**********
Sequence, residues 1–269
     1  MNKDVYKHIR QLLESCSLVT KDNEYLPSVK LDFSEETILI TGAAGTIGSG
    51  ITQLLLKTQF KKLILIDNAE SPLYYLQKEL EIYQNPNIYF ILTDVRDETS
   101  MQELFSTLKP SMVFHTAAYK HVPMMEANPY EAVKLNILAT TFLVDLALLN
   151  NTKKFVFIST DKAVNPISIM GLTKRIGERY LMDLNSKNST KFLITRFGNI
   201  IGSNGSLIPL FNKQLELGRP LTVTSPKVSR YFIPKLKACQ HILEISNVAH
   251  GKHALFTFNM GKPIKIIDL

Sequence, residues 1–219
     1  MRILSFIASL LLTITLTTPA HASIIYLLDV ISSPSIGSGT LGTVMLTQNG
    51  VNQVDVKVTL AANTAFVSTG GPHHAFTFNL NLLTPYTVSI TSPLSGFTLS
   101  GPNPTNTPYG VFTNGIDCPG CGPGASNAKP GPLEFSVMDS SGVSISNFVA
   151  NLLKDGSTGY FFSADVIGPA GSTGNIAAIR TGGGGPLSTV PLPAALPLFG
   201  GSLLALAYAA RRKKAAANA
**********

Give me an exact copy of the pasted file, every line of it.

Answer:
Sequence, residues 1–269
     1  MNKDVYKHIR QLLESCSLVT KDNEYLPSVK LDFSEETILI TGAAGTIGSG
    51  ITQLLLKTQF KKLILIDNAE SPLYYLQKEL EIYQNPNIYF ILTDVRDETS
   101  MQELFSTLKP SMVFHTAAYK HVPMMEANPY EAVKLNILAT TFLVDLALLN
   151  NTKKFVFIST DKAVNPISIM GLTKRIGERY LMDLNSKNST KFLITRFGNI
   201  IGSNGSLIPL FNKQLELGRP LTVTSPKVSR YFIPKLKACQ HILEISNVAH
   251  GKHALFTFNM GKPIKIIDL

Sequence, residues 1–219
     1  MRILSFIASL LLTITLTTPA HASIIYLLDV ISSPSIGSGT LGTVMLTQNG
    51  VNQVDVKVTL AANTAFVSTG GPHHAFTFNL NLLTPYTVSI TSPLSGFTLS
   101  GPNPTNTPYG VFTNGIDCPG CGPGASNAKP GPLEFSVMDS SGVSISNFVA
   151  NLLKDGSTGY FFSADVIGPA GSTGNIAAIR TGGGGPLSTV PLPAALPLFG
   201  GSLLALAYAA RRKKAAANA